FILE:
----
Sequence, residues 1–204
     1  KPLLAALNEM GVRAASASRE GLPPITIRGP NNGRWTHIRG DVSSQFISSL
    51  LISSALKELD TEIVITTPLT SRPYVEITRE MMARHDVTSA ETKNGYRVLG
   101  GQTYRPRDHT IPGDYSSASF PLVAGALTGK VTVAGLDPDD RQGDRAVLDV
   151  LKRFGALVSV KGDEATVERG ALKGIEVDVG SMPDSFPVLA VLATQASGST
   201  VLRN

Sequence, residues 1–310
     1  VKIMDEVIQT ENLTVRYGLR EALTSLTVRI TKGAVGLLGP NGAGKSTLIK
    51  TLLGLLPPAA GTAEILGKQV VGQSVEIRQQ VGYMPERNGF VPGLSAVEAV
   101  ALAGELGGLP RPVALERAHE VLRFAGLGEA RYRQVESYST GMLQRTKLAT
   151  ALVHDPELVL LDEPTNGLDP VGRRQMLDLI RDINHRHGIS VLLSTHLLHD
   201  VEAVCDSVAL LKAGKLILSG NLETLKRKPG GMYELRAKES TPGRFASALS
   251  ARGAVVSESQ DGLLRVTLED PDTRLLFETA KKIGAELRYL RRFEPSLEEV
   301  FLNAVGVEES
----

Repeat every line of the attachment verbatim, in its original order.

Sequence, residues 1–204
     1  KPLLAALNEM GVRAASASRE GLPPITIRGP NNGRWTHIRG DVSSQFISSL
    51  LISSALKELD TEIVITTPLT SRPYVEITRE MMARHDVTSA ETKNGYRVLG
   101  GQTYRPRDHT IPGDYSSASF PLVAGALTGK VTVAGLDPDD RQGDRAVLDV
   151  LKRFGALVSV KGDEATVERG ALKGIEVDVG SMPDSFPVLA VLATQASGST
   201  VLRN

Sequence, residues 1–310
     1  VKIMDEVIQT ENLTVRYGLR EALTSLTVRI TKGAVGLLGP NGAGKSTLIK
    51  TLLGLLPPAA GTAEILGKQV VGQSVEIRQQ VGYMPERNGF VPGLSAVEAV
   101  ALAGELGGLP RPVALERAHE VLRFAGLGEA RYRQVESYST GMLQRTKLAT
   151  ALVHDPELVL LDEPTNGLDP VGRRQMLDLI RDINHRHGIS VLLSTHLLHD
   201  VEAVCDSVAL LKAGKLILSG NLETLKRKPG GMYELRAKES TPGRFASALS
   251  ARGAVVSESQ DGLLRVTLED PDTRLLFETA KKIGAELRYL RRFEPSLEEV
   301  FLNAVGVEES